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Dec. 16, 2016, 7:18 p.m. -  Pete Roggeman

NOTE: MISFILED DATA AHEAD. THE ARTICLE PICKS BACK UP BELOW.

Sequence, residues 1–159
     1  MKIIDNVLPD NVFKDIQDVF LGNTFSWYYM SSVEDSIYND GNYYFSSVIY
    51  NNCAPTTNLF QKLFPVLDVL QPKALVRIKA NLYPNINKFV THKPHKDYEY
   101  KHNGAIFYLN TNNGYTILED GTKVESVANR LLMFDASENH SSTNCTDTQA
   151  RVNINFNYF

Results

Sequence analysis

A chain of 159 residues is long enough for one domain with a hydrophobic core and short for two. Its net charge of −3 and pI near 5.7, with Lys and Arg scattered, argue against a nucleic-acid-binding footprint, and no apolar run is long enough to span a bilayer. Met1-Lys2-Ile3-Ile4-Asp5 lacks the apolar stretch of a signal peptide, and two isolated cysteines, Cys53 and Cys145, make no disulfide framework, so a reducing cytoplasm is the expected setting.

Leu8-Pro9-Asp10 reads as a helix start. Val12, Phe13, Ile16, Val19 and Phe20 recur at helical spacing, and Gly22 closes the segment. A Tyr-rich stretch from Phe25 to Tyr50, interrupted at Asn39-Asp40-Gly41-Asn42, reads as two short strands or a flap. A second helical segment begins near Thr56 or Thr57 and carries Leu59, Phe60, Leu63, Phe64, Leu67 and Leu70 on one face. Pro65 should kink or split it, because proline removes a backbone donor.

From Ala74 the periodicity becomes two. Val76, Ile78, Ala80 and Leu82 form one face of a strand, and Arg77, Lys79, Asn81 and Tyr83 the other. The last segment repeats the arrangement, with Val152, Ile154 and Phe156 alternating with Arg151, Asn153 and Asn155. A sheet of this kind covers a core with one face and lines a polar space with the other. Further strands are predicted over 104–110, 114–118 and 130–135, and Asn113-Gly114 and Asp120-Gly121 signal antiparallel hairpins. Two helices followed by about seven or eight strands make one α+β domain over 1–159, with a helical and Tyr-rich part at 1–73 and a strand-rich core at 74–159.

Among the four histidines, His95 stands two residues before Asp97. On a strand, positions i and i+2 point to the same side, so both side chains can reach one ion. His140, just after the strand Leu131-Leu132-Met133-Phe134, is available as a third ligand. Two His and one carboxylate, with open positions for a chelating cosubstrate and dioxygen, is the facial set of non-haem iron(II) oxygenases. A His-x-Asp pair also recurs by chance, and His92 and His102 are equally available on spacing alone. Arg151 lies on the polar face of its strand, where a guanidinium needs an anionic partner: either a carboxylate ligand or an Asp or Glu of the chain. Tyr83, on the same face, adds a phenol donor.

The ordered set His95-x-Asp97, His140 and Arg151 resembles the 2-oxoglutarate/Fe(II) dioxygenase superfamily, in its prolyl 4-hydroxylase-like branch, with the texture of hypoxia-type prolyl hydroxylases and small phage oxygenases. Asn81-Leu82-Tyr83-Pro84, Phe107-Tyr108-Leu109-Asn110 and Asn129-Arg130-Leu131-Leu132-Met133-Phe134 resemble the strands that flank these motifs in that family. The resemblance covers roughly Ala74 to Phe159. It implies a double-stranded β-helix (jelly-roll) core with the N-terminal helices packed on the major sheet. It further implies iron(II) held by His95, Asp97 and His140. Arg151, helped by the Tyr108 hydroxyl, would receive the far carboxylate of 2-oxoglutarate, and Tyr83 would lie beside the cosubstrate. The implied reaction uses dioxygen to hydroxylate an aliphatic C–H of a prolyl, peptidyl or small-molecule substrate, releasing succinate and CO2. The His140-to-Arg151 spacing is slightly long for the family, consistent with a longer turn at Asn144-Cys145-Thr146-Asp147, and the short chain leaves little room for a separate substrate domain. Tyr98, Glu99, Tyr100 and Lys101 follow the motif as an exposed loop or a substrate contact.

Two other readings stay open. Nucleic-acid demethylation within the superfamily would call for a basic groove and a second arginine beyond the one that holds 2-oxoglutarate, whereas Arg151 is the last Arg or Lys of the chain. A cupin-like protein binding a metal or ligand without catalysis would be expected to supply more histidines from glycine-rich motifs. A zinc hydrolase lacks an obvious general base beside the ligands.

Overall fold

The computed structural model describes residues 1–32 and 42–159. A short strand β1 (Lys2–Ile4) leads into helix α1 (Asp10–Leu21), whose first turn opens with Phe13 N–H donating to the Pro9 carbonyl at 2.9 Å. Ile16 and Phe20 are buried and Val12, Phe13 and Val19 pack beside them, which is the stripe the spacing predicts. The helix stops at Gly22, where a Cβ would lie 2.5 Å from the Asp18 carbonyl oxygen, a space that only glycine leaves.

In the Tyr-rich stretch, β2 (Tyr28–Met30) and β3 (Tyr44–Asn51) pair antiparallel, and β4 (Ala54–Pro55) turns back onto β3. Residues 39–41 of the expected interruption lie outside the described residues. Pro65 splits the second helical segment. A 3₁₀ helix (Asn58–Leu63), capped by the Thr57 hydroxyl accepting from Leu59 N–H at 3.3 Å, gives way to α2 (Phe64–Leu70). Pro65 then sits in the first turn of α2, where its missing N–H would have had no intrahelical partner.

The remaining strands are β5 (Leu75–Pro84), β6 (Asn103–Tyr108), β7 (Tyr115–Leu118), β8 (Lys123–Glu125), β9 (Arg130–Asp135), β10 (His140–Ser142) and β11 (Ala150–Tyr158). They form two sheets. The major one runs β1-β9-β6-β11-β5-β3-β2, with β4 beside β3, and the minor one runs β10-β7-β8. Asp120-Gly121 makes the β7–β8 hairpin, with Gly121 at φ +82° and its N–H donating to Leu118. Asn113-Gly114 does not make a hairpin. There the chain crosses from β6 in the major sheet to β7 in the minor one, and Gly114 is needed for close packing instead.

#!markdown Ok, here comes my mktg hat, brace for impact. I'm also just being the devil's advocate to try to engage you to dig a little deeper. I'm not necessarily interested in defending Specialized, but I do think we have to look at this fairly and critically. 1) With this video, yes, they're specifically targeting 'trad' mountain bikers. But this video is hardly the sum of their marketing efforts around e-bikes. I'm going to bet that they have put huge efforts into staff and retailer training and communication, retail support, advertising in other areas that are less enthusiast-targeted and more casual. 2) No, I don't think 99% is a fair number, but maybe that distinction isn't important. I know what you're saying and to some degree, of course you're right. Yep, the mtb lobby is fragile in a lot of places - maybe most. But it's also doing really well in communities that are embracing mountain bikers as they seek to replace jobs and revenue lost to things like resources, as Cam laid out in this article. Your 99% may be accurate in some states, but it's not accurate in BC, and it's certainly not accurate in Europe. 3) What Specialized has done behind the scenes we don't know. Cam has placed a call, and you can bet we'll report on their answer if it's of interest. I will say that although it's popular to pick on Specialized because they're big and successful and profitable, they didn't get that way by being entirely tuned out on this kind of thing. Many people I know that work there have a clue about how this stuff works. So, I bet (and certainly hope) that this is something that's discussed and worked on by them. But my guess is only as good as yours at this point. Again, I'm not calling you out or saying your opinion is wrong, I just want to make sure we're all giving the other side a chance to have their say. So, if you had to get specific, what would you do? How would you, if you wielded the Specialized marketing stick (it's probably a massive oak branch), approach land managers, trail advocates, and other stakeholders? How would you communicate with consumers about the product, keeping in mind that your job is to sell them, but, if we're being responsible about it, to do so in a sustainable way? Open question to anyone. Marketing nerds and policy maker wannabes, jump in anytime.

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